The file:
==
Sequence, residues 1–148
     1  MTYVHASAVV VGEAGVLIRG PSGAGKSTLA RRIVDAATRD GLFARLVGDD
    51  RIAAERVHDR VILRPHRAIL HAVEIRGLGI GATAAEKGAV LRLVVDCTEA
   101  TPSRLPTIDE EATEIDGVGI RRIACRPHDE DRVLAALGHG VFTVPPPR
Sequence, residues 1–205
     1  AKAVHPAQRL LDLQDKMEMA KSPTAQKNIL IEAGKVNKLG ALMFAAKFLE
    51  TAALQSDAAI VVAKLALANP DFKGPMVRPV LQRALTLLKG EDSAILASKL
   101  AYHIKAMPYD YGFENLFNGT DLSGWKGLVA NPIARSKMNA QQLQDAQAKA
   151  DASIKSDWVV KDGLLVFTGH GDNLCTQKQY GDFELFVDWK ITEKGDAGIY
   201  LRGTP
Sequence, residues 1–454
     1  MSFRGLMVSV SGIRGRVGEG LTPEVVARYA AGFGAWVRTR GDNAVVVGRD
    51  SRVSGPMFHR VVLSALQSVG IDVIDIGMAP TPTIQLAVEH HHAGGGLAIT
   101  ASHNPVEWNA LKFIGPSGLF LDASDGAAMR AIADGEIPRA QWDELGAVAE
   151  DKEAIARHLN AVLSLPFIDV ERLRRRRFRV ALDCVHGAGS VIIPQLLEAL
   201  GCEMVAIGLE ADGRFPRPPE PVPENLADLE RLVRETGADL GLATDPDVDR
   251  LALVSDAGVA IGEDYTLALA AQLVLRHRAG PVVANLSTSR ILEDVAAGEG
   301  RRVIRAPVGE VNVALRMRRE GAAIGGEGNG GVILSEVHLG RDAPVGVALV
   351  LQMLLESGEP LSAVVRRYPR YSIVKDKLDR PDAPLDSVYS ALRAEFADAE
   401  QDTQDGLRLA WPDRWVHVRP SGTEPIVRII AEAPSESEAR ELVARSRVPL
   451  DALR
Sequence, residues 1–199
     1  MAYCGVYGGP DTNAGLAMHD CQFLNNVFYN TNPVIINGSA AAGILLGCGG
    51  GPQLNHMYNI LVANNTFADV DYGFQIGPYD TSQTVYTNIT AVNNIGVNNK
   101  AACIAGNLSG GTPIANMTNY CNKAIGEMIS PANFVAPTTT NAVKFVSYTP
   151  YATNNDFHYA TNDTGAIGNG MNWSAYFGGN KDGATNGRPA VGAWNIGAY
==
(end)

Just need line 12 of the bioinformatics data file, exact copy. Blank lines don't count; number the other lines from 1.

     1  MSFRGLMVSV SGIRGRVGEG LTPEVVARYA AGFGAWVRTR GDNAVVVGRD